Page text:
Do you still need COBRA health coverage?

Saying goodbye to employer-sponsored insurance no longer means you need to say hello to expensive COBRA coverage, thanks to ACA

For three decades, COBRA has offered a viable alternative to the individual market for people who lose access to employer-sponsored health insurance. In most cases, if an employer offers group health insurance and has at least 20 employees, the Consolidated Omnibus Budget Reconciliation Act (COBRA) of 1985 requires that employees be given the option to continue their group coverage for up to 18 months, or 36 months in some situations.

But has Obamacare eliminated the need for COBRA? COBRA is still an option; the Affordable Care Act didn’t change that. What the ACA did instead was radically reform the private individual health insurance market to make coverage much more comprehensive than it used to be, and available to everyone, regardless of medical history.

When you factor in the ACA’s premium subsidies for individual plans, COBRA is much less necessary than it once was.

The pros of COBRA:

  • If COBRA regulations apply to your group plan, continuation of coverage is available in most circumstances where an employee, spouse, or dependent would otherwise lose access to the plan. This includes resignation, involuntary job loss (unless it’s for gross misconduct), or a reduction in hours that makes the employee ineligible for coverage.
  • You keep the same coverage you had at your job, so there’s no need to shop for a new plan or change doctors.
  • COBRA has never involved medical underwriting – in sharp contrast to coverage people could purchase on their own prior to 2014. Pre-Obamacare, in all but a handful of states, individual insurance was medically underwritten; premiums and eligibility depended largely on each applicant’s medical history.
  • Prior to 2014, group plans were typically more comprehensive than individual plans, so COBRA usually offered more robust coverage than the individual market. Maternity coverage is a good example: Before Obamacare, only 13 percent of plans in the individual market covered maternity. In the group market, all plans with at least 15 employees have included maternity coverage since 1979. So while COBRA included maternity coverage, most plans in the individual market did not.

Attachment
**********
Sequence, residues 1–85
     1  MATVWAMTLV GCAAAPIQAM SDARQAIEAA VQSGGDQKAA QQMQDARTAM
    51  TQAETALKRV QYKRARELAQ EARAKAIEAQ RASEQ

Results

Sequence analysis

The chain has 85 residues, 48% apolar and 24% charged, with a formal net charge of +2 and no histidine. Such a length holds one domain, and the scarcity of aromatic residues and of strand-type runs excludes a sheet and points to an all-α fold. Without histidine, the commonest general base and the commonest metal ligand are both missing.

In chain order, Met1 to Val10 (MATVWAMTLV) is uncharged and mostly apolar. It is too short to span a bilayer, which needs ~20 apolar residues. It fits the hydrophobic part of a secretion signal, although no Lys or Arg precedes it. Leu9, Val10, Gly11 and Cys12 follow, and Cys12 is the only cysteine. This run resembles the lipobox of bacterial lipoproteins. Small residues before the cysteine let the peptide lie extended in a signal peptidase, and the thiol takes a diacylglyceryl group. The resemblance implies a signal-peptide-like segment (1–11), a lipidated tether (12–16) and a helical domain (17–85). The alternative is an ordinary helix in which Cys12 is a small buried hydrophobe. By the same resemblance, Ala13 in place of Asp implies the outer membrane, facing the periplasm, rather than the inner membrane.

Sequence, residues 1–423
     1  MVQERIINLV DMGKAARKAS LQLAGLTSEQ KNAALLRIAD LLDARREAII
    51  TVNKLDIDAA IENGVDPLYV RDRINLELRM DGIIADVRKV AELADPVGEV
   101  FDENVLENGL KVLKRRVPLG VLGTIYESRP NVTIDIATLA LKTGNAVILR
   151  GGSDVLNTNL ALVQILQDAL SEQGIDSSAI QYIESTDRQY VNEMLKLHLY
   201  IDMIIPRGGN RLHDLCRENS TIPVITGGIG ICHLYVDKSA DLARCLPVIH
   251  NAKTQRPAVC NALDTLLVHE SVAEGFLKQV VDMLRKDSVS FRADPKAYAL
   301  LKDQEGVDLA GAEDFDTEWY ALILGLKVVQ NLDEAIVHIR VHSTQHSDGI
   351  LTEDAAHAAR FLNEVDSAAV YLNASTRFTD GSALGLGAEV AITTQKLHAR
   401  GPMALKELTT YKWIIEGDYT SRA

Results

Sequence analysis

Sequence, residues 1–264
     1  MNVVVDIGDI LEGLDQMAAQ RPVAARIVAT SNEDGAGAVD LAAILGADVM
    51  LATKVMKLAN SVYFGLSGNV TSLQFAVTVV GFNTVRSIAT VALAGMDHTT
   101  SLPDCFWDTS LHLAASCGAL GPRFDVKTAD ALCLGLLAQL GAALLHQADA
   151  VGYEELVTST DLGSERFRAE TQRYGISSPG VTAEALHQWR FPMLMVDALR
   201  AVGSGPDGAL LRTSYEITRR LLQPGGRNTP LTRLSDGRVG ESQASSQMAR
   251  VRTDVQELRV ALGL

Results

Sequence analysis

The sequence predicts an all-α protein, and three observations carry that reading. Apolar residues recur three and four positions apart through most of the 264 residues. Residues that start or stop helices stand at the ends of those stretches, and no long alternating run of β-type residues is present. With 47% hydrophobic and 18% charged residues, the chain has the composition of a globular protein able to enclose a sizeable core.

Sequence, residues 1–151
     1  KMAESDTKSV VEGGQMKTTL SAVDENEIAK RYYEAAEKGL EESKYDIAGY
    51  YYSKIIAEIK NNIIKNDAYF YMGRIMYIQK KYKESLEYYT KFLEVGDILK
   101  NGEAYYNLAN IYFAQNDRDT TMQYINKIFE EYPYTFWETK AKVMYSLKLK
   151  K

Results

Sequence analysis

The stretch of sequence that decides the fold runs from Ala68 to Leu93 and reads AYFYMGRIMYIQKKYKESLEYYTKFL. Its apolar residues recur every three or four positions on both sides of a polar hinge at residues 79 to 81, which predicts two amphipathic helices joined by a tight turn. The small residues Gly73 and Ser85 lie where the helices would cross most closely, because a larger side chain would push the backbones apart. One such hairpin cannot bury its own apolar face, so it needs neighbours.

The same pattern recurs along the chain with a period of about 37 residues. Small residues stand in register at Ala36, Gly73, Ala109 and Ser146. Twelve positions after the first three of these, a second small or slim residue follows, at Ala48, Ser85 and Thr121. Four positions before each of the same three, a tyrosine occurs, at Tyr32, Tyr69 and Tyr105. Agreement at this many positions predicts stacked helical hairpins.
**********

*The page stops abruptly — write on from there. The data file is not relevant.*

• COBRA was a small step towards freeing people from “job lock” – the phenomenon of people staying in jobs they would otherwise leave, in order to keep their benefits. COBRA made it possible to continue one’s employer-sponsored health insurance, but the high premiums meant that job lock was still very real prior to the ACA.

The cons of COBRA:

  • It’s expensive. There are no subsidies for COBRA: you pay the full price of your plan, including the portion that your employer was paying on your behalf, plus a 2 percent administration fee.
  • There’s no choice of plans – you simply get to keep the same plan you already had with your employer.
  • Not all employer plans are subject to COBRA regulations. COBRA doesn’t apply to plans sponsored by the federal government, churches, or church-related organizations. It also doesn’t apply to employers with fewer than 20 employees (in many states, ““mini-COBRA” laws apply to groups with fewer than 20 employees).
  • In some circumstances, continuation of coverage isn’t available, even if COBRA regulations applied to your plan. This includes situations where the group plan ceases to exist (employer stops offering coverage, or the business closes, for example).

Obamacare – more affordable?

Although the ACA didn’t change anything about COBRA, it changed everything about the individual health insurance market. Coverage is now guaranteed issue, so medical history is no longer an obstacle. All policies must cover the ten essential health benefits, so the individual market now offers coverage that is as comprehensive as group coverage.